Popular Lochside Trail pig faces possible euthanasia after complaint lodged to SPCA

Popular Lochside Trail pig faces possible euthanasia after complaint lodged to SPCA
CHEK
A Saanichton farmer says he has a spray to manage the pigs chronic skin disease, but there is no cure.

A farmer in Saanichton has three days to choose between getting a veterinarian to check in on his elderly pig, or having it euthanatized after a complaint was made to the BC SPCA.

Frans Winkel and his wife, Marjolyn, have taken care of their 18-year-old sow since she was a piglet. She has now grown to be a popular attraction amongst cyclists travelling alongside the Lochside Trail and even from around the world.

“Australia, New Zealand, they come out here,” said Winkel. “There’s a couple in the states that comes here every year and the first thing they want to see is the pig.”

The soon-to-be retiring farmer says he has been taking extra care of the pig due to a chronic skin disease it has. Every day, he applies an aluminum powder that acts as a bandage for the multiple cuts and rashes on its body.

The disease isn’t curable, but it is treatable. The spray— which was recommended by his vet—prevents itching and flies from attacking the pig’s open wounds.

“I put it every morning on her,” said Winkel.

Recently, a member of the public lodged a complaint to the BC SPCA about the pig. After being paid a visit by an SPCA officer on Wednesday, Winkel was given five days to choose between having his pig checked out by a veterinarian for a fee, or having it euthanized. Failure to do so could result in criminal charges made against him, according to the offence ticket.

Winkel has been investigated in the past by the SPCA for a boar and sow. In both cases, his veterinarian checked in on the animals and says a letter was written to the organization saying that the animals were being treated fairly.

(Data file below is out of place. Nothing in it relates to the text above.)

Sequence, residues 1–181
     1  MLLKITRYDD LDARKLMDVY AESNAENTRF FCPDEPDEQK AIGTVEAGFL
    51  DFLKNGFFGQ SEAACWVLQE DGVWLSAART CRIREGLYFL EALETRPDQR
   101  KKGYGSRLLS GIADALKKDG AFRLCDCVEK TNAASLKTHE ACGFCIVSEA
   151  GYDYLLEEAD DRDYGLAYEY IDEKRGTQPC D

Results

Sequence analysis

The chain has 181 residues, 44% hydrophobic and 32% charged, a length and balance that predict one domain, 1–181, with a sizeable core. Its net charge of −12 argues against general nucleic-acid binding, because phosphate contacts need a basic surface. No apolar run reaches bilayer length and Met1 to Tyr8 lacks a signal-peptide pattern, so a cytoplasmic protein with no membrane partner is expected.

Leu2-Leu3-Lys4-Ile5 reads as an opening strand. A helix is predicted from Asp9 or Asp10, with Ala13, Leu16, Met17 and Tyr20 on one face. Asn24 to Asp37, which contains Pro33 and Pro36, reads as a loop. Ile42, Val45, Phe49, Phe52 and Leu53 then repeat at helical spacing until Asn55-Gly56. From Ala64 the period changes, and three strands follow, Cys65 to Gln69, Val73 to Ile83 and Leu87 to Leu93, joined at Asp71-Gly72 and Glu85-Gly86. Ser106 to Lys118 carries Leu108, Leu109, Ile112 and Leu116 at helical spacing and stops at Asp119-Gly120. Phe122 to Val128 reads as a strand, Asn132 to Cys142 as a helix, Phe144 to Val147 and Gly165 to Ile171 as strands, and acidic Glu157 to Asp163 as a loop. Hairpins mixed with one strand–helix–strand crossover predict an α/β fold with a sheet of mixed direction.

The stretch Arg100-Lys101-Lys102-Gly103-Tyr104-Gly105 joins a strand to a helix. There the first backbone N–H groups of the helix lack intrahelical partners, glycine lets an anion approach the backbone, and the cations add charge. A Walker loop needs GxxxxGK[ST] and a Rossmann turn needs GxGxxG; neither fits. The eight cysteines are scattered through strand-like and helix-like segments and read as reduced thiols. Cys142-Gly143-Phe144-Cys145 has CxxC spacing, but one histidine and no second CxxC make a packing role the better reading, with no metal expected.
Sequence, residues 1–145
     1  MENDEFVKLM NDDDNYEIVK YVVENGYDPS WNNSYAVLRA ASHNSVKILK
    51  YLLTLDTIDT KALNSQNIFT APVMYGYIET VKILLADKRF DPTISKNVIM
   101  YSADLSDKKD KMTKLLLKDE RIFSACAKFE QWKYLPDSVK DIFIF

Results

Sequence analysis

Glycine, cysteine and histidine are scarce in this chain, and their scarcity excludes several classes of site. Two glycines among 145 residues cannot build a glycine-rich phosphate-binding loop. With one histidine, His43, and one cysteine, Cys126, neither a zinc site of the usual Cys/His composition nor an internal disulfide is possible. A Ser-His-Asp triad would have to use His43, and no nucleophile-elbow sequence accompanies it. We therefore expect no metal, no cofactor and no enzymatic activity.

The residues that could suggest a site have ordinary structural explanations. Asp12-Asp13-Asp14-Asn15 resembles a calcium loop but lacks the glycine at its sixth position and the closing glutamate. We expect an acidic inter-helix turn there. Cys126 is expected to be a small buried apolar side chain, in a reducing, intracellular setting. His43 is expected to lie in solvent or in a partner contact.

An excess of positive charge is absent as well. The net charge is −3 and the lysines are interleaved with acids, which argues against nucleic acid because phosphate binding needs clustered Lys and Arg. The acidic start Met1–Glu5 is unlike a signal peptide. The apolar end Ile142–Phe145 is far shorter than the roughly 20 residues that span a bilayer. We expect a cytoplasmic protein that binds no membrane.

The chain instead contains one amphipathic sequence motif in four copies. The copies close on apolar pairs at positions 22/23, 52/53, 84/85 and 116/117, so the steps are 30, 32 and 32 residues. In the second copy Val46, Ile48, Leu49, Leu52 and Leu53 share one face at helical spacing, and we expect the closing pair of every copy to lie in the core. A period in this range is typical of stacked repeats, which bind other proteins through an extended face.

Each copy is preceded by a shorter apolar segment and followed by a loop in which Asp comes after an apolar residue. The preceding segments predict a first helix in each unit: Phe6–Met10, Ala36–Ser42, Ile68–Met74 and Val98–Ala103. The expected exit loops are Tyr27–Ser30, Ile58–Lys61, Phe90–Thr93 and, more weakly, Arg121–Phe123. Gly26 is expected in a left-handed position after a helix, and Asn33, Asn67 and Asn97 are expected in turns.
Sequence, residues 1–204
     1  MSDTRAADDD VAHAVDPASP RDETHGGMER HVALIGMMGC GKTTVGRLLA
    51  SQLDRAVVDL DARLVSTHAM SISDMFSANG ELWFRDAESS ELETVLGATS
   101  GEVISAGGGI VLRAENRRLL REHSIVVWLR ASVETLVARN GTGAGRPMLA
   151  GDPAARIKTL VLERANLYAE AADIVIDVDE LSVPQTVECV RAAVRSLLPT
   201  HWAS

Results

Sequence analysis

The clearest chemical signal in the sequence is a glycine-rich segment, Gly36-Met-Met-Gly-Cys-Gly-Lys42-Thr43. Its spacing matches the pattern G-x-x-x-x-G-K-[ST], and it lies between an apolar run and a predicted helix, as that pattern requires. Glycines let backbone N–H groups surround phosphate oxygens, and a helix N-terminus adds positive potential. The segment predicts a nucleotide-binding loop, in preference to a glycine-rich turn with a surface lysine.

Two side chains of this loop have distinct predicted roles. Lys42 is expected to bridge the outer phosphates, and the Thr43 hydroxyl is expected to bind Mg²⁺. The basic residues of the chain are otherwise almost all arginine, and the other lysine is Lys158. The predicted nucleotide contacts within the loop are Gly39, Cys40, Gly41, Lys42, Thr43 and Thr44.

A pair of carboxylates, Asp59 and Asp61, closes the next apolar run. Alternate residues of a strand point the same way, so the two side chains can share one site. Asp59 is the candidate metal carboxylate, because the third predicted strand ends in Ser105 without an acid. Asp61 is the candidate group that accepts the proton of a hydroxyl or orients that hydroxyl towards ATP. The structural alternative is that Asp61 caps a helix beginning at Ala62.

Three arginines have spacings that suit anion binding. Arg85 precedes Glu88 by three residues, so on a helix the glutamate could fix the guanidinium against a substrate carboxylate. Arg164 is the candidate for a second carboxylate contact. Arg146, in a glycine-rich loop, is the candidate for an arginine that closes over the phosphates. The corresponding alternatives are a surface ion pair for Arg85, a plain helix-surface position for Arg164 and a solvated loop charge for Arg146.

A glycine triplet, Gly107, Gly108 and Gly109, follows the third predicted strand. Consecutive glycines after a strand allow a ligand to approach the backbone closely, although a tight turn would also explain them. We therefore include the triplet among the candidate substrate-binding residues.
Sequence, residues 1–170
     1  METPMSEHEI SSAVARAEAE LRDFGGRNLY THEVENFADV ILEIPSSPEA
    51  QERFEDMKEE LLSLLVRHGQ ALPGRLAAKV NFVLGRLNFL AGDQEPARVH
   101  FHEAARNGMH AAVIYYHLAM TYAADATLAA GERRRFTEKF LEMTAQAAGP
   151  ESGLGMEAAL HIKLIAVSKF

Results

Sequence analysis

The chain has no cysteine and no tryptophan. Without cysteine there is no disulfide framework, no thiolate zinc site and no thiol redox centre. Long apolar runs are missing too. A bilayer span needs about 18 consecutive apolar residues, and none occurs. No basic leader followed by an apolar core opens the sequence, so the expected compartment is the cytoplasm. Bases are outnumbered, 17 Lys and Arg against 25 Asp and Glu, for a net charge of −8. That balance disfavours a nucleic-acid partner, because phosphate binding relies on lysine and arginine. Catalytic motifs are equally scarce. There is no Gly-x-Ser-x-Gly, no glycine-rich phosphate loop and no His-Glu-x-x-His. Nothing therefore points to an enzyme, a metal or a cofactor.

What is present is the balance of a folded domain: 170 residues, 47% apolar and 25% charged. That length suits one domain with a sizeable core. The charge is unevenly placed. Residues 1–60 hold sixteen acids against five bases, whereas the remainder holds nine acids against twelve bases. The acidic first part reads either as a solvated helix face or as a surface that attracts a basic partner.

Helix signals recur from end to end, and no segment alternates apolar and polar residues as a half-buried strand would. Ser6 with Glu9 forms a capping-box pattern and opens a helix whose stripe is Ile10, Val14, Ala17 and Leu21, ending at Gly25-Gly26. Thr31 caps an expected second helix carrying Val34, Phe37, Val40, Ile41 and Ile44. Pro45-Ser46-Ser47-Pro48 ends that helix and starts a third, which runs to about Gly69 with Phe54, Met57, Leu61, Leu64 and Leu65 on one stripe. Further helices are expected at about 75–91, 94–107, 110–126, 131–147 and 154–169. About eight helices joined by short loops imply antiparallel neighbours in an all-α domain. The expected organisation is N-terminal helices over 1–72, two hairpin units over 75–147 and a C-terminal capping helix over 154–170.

But after this complaint, Winkel says he can’t continue to handle further issues.

“I can’t afford to pay $100 for every complaint from people that come from out of the town that don’t know anything about animals, but think all of the sudden they’re experts,” he said.

In a statement to CHEK News, the BC SPCA said that it couldn’t comment on this specific case, but added that it’s still an open investigation.

“I am unable to go into details about this investigation. However, I can say if a complaint is not valid then we would close the file,” said Eileen Drever, BC SPCA senior officer protection and stakeholders relations.

The farmer says he’s not upset at the organization for doing its job, adding that he appreciates the work they do to protect animals from cruelty. He’s pleading with the SPCA to give him more time to decide what to do.

“They have [heard] themselves that this animal particularly now is in good hands, never been treated wrong,” said Winkel.

His previous sow eventually passed away peacefully on the farm months after it was investigated, which is ultimately what Winkel wants for his current pet pig.

On average, pigs live between 15 to 20 years old, and Winkel believes his senior pig can live a few more months. But now the farmer has only until July 9 to make a decision.

“The animal, just like the people, have the right to die on their own,” said Winkel.

Oli HerreraOli Herrera

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